Emotional Support Cat
When you picture an emotional support animal (ESA), what do you see? For many people, their ideal ESA is a dog. But while canines and even rabbits can make great ESAs, another popular choice is an emotional support cat.
Clever, quiet, and calming, cats have many qualities that make them perfect ESAs. If your pet has ever comforted you at the end of a difficult day, you won't be surprised to learn that stroking these animals lowers our cortisol levels. For those who have a mental disability, a cat's companionship can hugely benefit their emotional well-being.
If you think an emotional support animal could improve your anxiety or depression, read on. This blog post will explain all the information you need to know about getting a recommendation from a doctor or mental health therapist for a cat as an ESA.
What Is An Emotional Support Animal?
An emotional support animal is given special privileges to support its owner through a mental health condition. Under the Fair Housing Act (FHA) and Air Carrier Access Act (ACAA), an ESA can accompany its owner into pet-free accommodation and the airplane cabin on commercial flights.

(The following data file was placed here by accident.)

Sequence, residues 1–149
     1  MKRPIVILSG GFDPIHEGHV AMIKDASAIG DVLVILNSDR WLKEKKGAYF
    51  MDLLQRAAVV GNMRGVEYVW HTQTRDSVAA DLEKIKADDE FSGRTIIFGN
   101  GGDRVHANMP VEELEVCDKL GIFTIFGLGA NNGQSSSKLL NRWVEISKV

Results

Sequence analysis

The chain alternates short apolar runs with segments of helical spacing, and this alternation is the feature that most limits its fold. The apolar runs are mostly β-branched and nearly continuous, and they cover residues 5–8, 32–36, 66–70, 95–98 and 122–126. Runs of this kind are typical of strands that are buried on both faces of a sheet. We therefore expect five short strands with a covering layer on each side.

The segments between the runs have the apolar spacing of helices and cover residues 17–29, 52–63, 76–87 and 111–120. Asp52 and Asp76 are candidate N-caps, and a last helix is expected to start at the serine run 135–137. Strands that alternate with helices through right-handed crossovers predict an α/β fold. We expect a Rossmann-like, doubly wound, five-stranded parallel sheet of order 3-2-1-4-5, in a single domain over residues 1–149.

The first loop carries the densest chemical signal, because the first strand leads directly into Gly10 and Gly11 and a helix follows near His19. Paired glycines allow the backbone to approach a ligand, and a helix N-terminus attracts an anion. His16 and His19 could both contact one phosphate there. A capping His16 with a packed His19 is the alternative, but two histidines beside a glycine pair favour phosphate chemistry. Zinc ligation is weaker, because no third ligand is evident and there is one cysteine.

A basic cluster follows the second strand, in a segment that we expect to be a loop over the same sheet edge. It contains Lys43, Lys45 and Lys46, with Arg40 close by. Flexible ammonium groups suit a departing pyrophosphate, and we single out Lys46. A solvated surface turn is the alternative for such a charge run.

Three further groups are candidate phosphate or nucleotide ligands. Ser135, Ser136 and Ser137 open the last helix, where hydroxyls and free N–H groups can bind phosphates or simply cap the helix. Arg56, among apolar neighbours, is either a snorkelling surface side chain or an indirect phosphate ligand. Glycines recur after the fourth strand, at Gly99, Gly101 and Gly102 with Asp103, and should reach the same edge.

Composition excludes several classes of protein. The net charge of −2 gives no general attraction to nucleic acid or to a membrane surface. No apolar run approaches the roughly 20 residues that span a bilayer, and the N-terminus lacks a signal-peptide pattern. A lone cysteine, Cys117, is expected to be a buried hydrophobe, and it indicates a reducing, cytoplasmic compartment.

As we mentioned earlier, an ESA can be any species of animal. However, dogs and cats are two of the most popular choices - which isn't surprising when you consider over 100 million American households contain a dog or cat. Many people choose to get a recommentation from their doctor for their existing pet to become an ESA instead of adopting a new pet.
It's important to remember that although emotional support animals aren't legally classed as pets, they're not the same as service animals. A valid ESA letter will mean you can't be discriminated against because of your animal. Still, you won't have the same privileges as somebody who relies on a service animal because of a physical disability or medical condition.
Some mental conditions that ESAs can help with include:
• Anxiety and panic attacks
Why Choose An Emotional Support Cat?
If dog ownership doesn't appeal to you, there are many reasons why cats make great emotional support animals. Cats are friendly and affectionate companions, but their small size makes them perfect for traveling with airlines.